House Speaker Paul Ryan, after a month’s hesitation, gave his support to Trump Thursday. He had been the highest-ranking Republican to not come aboard.

Ryan revealed his decision in an op-ed column in his Wisconsin hometown newspaper. “On the issues that make up our agenda, we have more common ground than disagreement,” Ryan wrote, and a President Trump would help make the House Republicans’ “bold policy agenda ... a reality.”

But he also told The Associated Press later, “It is my hope the campaign improves its tone as we go forward and it’s all a campaign we can be proud of.”

McConnell fears Trump fallout

Senate Majority Leader Mitch McConnell (R-Ky.), who endorsed Trump weeks ago, told CNN the presumptive nominee is needlessly hurting the Republican Party’s relationships with Latinos.

“The attacks that he’s routinely engaged in, for example, going after Susana Martinez, the Republican governor of New Mexico, the chairman of the Republican Governors Association, I think, was a big mistake,” McConnell said.

He also said that if a President Trump asked him to draft a bill to ban Muslims from entering the U.S., “I’d say ‘No, that’s a really bad idea’ ”

The take-away: Grains of salt

Americans are profoundly skeptical of promises by both Trump and Clinton, writes Newsday’s Dan Janison.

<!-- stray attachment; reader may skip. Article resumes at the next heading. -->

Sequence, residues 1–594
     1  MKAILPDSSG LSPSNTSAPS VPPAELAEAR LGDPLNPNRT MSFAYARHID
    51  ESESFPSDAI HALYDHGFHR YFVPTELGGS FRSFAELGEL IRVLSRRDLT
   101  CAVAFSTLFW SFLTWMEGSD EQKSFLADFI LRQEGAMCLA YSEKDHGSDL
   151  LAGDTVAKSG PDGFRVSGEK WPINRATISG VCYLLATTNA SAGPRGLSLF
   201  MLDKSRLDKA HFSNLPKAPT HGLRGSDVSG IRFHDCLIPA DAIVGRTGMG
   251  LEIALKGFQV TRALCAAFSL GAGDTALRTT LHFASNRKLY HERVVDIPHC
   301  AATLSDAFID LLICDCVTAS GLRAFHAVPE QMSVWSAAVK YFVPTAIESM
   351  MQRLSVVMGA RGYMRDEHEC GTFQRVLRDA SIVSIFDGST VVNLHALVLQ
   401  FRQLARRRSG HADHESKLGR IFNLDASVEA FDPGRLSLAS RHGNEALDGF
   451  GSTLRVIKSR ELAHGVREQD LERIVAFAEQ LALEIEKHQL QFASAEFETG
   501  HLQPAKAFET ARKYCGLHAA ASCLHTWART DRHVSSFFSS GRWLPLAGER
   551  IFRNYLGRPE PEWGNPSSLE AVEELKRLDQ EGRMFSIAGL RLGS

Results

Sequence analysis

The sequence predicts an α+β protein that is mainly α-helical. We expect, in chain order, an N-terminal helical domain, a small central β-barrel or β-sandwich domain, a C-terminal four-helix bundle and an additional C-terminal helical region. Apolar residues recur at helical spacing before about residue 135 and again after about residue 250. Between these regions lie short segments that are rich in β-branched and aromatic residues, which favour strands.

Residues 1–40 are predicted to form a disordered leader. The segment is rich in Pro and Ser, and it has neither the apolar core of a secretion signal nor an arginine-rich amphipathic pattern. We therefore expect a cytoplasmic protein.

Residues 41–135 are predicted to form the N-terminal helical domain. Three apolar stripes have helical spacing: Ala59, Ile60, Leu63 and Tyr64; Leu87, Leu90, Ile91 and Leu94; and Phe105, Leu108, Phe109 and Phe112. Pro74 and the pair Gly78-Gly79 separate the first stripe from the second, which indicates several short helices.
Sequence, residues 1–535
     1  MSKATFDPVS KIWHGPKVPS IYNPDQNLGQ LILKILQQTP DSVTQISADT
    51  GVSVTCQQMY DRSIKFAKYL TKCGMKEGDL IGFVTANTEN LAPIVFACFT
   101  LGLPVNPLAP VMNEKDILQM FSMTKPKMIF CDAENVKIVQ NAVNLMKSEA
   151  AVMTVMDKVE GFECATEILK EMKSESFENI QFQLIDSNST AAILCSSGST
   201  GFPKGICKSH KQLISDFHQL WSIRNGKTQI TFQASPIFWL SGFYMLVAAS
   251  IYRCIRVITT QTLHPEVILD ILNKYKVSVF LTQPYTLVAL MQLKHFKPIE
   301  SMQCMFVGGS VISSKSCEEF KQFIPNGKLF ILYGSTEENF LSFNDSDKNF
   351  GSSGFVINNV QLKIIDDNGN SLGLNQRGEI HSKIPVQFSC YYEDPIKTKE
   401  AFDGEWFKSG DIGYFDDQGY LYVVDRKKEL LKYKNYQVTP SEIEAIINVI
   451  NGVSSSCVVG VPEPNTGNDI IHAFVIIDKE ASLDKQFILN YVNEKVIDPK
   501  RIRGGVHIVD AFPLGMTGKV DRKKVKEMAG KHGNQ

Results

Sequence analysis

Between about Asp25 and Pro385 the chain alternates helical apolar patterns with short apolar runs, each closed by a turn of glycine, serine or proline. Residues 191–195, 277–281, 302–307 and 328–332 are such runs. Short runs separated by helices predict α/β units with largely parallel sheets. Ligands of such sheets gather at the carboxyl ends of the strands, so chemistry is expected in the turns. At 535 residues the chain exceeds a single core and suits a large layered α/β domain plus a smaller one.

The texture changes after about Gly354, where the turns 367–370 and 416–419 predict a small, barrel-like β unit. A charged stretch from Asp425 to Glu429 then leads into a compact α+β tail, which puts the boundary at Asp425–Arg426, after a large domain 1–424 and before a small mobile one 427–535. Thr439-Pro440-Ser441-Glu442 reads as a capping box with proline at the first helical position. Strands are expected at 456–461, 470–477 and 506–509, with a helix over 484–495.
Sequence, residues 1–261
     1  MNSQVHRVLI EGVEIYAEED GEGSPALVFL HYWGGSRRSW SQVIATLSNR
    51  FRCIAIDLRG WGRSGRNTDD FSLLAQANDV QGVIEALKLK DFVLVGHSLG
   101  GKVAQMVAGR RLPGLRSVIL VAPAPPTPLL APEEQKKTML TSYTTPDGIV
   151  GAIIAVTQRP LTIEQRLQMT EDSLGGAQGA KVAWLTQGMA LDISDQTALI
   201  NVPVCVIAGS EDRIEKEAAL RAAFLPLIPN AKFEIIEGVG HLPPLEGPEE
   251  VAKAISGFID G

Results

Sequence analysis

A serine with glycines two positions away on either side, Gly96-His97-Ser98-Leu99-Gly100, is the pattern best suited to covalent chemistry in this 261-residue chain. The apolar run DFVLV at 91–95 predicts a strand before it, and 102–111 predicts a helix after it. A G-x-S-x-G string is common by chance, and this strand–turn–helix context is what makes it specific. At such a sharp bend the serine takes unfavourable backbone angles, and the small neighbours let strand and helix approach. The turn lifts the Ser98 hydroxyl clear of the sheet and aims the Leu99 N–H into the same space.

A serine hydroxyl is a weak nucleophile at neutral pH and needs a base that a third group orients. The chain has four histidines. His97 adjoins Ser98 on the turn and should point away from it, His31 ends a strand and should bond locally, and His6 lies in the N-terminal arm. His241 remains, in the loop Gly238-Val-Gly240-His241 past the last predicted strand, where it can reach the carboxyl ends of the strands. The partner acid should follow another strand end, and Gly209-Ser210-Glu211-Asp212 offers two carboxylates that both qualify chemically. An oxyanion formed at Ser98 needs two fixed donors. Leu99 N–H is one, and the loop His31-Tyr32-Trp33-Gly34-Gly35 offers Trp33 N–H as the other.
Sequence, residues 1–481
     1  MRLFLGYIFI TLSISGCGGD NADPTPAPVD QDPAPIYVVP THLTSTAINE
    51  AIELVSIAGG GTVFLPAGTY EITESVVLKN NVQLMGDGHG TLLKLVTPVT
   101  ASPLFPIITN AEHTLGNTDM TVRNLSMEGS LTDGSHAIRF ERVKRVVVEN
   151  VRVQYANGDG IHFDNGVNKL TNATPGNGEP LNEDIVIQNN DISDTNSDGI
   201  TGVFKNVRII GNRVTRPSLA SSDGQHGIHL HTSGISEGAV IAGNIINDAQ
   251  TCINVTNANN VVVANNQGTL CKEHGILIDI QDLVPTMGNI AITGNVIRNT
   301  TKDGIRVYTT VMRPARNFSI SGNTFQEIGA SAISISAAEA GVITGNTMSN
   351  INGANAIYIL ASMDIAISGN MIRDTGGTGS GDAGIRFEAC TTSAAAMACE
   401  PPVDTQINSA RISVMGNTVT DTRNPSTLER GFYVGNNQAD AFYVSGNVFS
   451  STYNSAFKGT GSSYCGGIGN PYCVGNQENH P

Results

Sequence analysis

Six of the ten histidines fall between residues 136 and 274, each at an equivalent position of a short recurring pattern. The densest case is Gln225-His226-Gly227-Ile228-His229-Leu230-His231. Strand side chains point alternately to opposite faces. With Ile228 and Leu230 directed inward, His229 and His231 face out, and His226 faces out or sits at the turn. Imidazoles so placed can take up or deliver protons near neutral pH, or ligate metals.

Fewer than one in four voters in a Quinnipiac poll that came out Thursday surveyed said they believed that Trump, if elected, would actually build a wall on the southern border and have Mexico pay for it. As for Clinton, more than three of five don’t believe she would even try to “remove secret money from politics.”

California coin flip

A new Los Angeles Times poll ahead of the June 7 California Democratic primary has Clinton beating Bernie Sanders 49%-39% among likely voters, but Sanders edging her 44%-43% among registered voters.

Further muddying the picture: She leads 53%-37% among registered Democrats, but he is preferred 48%-35% by independent voters eligible and likely to participate in the primary.

Bernie vs. the math

Sanders may well keep arguing until the Democrats meet in their July convention that he would be stronger candidate against Trump.

But if Sanders won every remaining contest and got every still-uncommitted superdelegate on his side (two endorsed him Thursday), he would still need to persuade almost 200 superdelegates now committed to Clinton to abandon her, according to an analysis by Politico

What else is happening:

  • Long Island hedge fund executive Robert Mercer, who gave $13.5 million to a pro-Ted Cruz super PAC, is being wooed for a pro-Trump super PAC , Bloomberg News reports....
  • For the second time in a week, animal welfare activists disrupted a Sanders rally in California...
  • New York activists are quoted in a Politico story about possible disruptions from Sanders backers inside the Philly convention. They include Allen Roskoff, a well-known LGBT agitator, and Linda Sarsour,who runs the Arab-American Association of New York.... 
  • South Carolina Gov. Nikki Haley, a Republican, said she wished Trump communicated differently because bad things result from divisive rhetoric, citing last June’s massacre at a black church in Charleston.
  • Before taking over as the Republican National Committee’s Hispanic media director, Helen Aguirre Ferré deleted tweets critical of Trump. Her predecessor quit over discomfort with Trump...
  • A Trump tweet that Clinton’s “temperament is bad” drew a retort from trash TV host Jerry Springer: “C’mon Donald ... You complaining about Hillary’s temperament is like me complaining about the quality of television!”...